Please contact me for teaching materials, history, and resources.

My teaching practices are informed by commitments to collective access and collaborative design. Here, ‘collective access’ refers to the idea that ‘access’ should be understood as an ongoing collective practice rather than (eg) the standard individual accommodations. (My understanding of collective access is strongly influenced by the work of Leah Lakshmi Piepzna-Samarasinha, among other disability activists and theorists). ‘Collaborative design’ refers to the idea that all course members should have opportunities to influence the direction of a course, including content, structure, and evaluations. I believe this is necessary not only for accessible and accountable teaching, but also to bring academic norms out from behind the scenes, and open them up to conversation and change.

Recent Notes:

  • Ongoing pedagogical research: I am continually updating my teaching theory and practice, with a particular emphasis on accounting for disability and accessibility (broadly construed). I will occasionally post resources to this page, including exercises or strategies, but am more regularly available by email to discuss accessibility and teaching.
  • Disability and laptop bans (10/18): Some of my recent reflections on the absence of disability in pedagogical research appear in an interview conducted by Shelley Tremain. (Scroll down to the last third of the interview for this topic).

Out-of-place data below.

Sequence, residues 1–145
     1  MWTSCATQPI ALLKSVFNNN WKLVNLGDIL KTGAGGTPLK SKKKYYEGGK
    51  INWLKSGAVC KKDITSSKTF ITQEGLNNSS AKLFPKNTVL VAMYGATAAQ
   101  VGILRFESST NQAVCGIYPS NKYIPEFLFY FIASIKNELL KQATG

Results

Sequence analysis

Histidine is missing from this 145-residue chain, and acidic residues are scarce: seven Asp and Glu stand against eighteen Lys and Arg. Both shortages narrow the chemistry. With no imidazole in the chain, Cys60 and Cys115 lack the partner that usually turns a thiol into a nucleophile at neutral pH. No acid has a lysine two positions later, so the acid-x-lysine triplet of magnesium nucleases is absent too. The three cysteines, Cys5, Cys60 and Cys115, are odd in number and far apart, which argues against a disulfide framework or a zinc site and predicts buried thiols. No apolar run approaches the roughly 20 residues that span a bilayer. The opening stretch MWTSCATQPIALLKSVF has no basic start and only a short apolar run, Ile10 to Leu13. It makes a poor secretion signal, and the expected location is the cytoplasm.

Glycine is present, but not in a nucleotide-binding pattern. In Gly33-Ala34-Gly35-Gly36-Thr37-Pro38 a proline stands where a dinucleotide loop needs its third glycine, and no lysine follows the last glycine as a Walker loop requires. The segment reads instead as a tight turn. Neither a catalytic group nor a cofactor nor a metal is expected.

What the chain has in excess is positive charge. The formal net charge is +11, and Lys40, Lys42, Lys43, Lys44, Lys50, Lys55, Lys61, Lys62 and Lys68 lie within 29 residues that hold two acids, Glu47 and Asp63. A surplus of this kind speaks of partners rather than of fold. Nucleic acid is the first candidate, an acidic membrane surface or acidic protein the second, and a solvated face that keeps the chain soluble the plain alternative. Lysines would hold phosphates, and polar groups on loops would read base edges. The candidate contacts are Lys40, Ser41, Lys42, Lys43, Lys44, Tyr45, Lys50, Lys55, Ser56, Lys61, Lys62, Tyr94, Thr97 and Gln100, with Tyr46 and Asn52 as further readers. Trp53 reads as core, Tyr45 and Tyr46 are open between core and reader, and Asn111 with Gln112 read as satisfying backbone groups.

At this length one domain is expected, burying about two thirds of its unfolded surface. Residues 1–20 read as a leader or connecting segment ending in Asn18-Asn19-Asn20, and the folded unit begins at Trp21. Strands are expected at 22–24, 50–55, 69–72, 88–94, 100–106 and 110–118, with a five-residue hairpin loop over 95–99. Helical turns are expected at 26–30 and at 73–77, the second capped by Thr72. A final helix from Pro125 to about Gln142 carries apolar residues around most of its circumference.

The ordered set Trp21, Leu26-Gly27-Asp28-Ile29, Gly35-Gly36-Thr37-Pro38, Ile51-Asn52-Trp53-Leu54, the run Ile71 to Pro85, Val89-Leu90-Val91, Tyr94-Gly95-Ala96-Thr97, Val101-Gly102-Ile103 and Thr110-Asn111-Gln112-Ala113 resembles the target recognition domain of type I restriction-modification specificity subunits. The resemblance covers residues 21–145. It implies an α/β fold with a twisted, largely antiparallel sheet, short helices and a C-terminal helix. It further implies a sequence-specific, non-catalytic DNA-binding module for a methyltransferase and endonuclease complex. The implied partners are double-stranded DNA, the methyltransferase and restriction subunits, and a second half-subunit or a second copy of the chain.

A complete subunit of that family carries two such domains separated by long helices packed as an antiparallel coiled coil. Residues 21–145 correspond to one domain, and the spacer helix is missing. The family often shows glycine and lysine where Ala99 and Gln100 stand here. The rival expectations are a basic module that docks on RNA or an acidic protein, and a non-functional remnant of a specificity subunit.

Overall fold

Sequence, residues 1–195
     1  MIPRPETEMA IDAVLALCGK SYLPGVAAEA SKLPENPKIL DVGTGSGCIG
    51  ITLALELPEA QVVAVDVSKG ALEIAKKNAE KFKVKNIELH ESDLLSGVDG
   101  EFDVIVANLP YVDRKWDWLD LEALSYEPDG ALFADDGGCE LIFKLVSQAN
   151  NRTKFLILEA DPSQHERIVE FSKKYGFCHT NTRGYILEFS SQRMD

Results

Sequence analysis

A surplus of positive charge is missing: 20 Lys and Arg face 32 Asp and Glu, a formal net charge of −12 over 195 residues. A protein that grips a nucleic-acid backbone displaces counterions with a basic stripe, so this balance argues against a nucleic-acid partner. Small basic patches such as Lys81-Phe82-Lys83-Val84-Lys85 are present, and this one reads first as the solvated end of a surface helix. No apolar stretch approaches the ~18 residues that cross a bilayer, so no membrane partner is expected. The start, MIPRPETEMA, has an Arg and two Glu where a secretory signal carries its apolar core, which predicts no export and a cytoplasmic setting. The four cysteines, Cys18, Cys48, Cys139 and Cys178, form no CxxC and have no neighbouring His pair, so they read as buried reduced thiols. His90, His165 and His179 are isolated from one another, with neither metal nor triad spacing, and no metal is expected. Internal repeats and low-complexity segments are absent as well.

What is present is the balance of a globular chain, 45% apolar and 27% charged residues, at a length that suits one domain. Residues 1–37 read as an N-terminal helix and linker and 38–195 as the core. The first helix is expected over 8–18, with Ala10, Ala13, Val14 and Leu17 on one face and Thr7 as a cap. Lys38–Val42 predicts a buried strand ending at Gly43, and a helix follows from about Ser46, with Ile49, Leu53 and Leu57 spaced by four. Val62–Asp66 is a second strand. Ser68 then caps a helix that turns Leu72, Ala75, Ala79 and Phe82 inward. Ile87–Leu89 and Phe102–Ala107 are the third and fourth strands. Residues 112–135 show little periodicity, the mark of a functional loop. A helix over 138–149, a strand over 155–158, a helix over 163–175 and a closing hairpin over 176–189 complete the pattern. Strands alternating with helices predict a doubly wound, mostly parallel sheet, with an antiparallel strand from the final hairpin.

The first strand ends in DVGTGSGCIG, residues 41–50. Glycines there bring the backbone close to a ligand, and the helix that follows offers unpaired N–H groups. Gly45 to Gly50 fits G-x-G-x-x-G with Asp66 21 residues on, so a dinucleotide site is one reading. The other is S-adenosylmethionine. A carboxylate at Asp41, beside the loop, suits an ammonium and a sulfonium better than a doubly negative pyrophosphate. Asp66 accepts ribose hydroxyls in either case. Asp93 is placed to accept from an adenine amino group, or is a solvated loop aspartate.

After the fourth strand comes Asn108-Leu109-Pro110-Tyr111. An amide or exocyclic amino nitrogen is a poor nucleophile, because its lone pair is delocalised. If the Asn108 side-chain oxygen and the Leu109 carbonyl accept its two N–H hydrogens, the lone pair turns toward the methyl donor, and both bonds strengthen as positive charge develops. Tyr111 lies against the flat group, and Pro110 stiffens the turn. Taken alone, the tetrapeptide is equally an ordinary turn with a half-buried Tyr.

• Engagement self-reflections (09/18): Below this paragraph is a link to download a copy of the handout I used earlier this summer on “engagement” (a term I currently prefer to “participation”) for a course I was instructing. This handout was accompanied by: (i) a discussion in class, where we collaborated on other ways that engagement might happen, how we can support each other, or what changes I as an instructor might need to make to my practices or expectations; (ii) a longer updated document based on our conversation that included examples and responses to some worries, strategies for writing and supporting claims, and links to relevant resources; and (iii) further conversations over the remainder of the course about what changes needed to be made to the assessment, or our course more generally. I used a similar assessment tool as a graduate teaching assistant for discussion sections in bioethics with positive feedback. I will be revising this for future teaching appointments to reflect different contexts and needs (e.g., this handout was designed for an accelerated upper-year summer course; and my next appointment will be running discussion sections for a full-year entry-level course).